From: SCEMS on 12 Oct 2016

Book History & the Nineteenth Century

On Thursday 10th November, Séan Williams and Amber Regis will be bringing Book History @ Sheffield into the nineteenth century!  In collaboration with the Centre for Nineteenth-Century Studies we will explore what Book History means for work...
From: SCEMS on 7 Oct 2016

Ben Jonson: registration now open

The workes of Beniamin Jonson. Copy from University of Sheffield Special Collections.Registration is now open for ‘Ben Jonson’s Workes and Their Contexts’, an interdisciplinary conference marking the 400th anniversary of Ben Jonson’s...
From: SCEMS on 6 Oct 2016

News: Utopia at the British Library

Photograph by Tony Antoniou, courtesy of the British Library.SCEMS’ Cathy Shrank and Phil Withington have both contributed to a contemporary addition to the British Library’s Treasures Gallery: “Visions of Utopia”. Marking the...
From: SCEMS on 2 Aug 2016

On a semester of book history

Book History @ Sheffield is one whole semester old! In spring and early summer we held three research events, each leading to lively discussion: Marcus Nevitt presented his work on newsbooks in revolutionary England to a packed house. Marcus exposed the...
From: SCEMS on 26 Jul 2016

Book History at Sheffield (#BookHistShef)

Rachel Stenner’s #Shelfie (see A new Sheffield network for enthusiasts of all things book historical met for the first time last week.  Its aim is to create a space for collaboration...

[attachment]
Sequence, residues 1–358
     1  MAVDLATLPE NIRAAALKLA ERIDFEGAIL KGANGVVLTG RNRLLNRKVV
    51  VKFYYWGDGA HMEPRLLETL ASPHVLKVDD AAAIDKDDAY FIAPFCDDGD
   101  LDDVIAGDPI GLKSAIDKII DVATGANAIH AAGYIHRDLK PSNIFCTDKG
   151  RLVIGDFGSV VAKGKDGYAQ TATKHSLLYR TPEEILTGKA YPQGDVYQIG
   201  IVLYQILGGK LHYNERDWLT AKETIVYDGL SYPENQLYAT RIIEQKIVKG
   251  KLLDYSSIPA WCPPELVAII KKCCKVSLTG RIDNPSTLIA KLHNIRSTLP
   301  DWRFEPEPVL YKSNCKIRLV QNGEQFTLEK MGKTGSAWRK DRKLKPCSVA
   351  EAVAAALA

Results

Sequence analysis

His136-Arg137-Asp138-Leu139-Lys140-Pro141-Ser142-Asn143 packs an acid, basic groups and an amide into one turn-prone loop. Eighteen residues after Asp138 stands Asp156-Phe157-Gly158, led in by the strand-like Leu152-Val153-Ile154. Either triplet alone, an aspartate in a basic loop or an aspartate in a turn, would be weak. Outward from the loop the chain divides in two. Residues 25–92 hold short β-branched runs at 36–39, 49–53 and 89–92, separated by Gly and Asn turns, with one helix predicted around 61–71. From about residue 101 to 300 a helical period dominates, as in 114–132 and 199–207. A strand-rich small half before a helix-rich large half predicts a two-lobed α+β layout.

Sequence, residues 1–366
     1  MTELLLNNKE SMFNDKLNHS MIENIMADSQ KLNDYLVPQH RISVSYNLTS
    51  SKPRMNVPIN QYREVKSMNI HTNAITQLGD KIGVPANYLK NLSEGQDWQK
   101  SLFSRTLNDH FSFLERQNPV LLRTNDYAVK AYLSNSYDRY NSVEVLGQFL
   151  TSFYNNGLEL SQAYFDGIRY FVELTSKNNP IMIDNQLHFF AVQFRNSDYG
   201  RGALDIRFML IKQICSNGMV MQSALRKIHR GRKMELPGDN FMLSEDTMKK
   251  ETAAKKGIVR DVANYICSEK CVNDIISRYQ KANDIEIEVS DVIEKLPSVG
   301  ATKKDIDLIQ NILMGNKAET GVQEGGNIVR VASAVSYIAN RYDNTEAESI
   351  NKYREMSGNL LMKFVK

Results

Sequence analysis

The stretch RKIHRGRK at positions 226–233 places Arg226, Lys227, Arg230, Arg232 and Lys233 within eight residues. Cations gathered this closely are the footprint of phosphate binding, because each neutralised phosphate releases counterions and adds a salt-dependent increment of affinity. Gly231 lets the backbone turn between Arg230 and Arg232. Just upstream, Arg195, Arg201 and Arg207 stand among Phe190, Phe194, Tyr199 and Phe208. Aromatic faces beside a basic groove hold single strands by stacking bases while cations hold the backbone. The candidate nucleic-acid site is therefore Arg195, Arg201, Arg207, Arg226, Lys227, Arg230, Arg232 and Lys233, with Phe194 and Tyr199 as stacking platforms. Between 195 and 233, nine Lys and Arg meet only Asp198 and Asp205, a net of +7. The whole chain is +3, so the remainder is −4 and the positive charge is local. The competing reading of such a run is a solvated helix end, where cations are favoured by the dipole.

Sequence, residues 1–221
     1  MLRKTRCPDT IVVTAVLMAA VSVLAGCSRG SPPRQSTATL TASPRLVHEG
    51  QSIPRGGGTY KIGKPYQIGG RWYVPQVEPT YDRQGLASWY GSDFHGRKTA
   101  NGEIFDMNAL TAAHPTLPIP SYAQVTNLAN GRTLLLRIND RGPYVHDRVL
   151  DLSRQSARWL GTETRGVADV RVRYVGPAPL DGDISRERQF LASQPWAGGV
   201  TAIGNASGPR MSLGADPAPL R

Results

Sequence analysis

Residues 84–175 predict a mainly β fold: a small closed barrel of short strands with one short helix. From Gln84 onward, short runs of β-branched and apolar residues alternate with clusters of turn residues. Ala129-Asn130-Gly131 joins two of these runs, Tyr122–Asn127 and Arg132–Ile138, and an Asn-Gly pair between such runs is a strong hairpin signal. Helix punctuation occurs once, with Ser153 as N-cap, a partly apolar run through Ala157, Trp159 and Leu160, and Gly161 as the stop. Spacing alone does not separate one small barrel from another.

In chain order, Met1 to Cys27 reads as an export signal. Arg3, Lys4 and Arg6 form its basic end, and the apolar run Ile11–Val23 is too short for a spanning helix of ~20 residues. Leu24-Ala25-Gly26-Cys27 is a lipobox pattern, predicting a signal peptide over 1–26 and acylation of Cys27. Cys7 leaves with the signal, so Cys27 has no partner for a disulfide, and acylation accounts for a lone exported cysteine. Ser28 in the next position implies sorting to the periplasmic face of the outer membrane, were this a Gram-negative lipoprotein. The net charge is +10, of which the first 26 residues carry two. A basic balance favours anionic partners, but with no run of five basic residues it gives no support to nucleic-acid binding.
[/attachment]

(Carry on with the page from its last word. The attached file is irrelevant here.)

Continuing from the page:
From: SCEMS on 19 Feb 2016

Notes on Post Tags Search

By default, this searches for any categories containing your search term: eg, Tudor will also find Tudors, Tudor History, etc. Check the 'exact' box to restrict searching to categories exactly matching your search. All searches are case-insensitive.

This is a search for tags/categories assigned to blog posts by their authors. The terminology used for post tags varies across different blog platforms, but WordPress tags and categories, Blogspot labels, and Tumblr tags are all included.

This search feature has a number of purposes:

1. to give site users improved access to the content EMC has been aggregating since August 2012, so they can look for bloggers posting on topics they're interested in, explore what's happening in the early modern blogosphere, and so on.